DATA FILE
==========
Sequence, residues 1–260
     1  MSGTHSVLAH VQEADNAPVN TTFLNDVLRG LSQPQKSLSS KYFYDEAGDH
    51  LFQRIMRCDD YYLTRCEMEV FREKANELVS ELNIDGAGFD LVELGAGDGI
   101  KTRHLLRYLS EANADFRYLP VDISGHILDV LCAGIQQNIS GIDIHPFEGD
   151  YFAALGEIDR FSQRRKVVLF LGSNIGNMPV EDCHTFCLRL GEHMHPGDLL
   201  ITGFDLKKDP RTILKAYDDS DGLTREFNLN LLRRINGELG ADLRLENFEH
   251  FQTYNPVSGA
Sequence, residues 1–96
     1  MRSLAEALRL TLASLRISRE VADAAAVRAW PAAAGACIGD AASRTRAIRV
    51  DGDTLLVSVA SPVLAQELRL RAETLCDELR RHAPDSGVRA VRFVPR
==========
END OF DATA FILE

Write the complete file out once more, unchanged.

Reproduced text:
Sequence, residues 1–260
     1  MSGTHSVLAH VQEADNAPVN TTFLNDVLRG LSQPQKSLSS KYFYDEAGDH
    51  LFQRIMRCDD YYLTRCEMEV FREKANELVS ELNIDGAGFD LVELGAGDGI
   101  KTRHLLRYLS EANADFRYLP VDISGHILDV LCAGIQQNIS GIDIHPFEGD
   151  YFAALGEIDR FSQRRKVVLF LGSNIGNMPV EDCHTFCLRL GEHMHPGDLL
   201  ITGFDLKKDP RTILKAYDDS DGLTREFNLN LLRRINGELG ADLRLENFEH
   251  FQTYNPVSGA
Sequence, residues 1–96
     1  MRSLAEALRL TLASLRISRE VADAAAVRAW PAAAGACIGD AASRTRAIRV
    51  DGDTLLVSVA SPVLAQELRL RAETLCDELR RHAPDSGVRA VRFVPR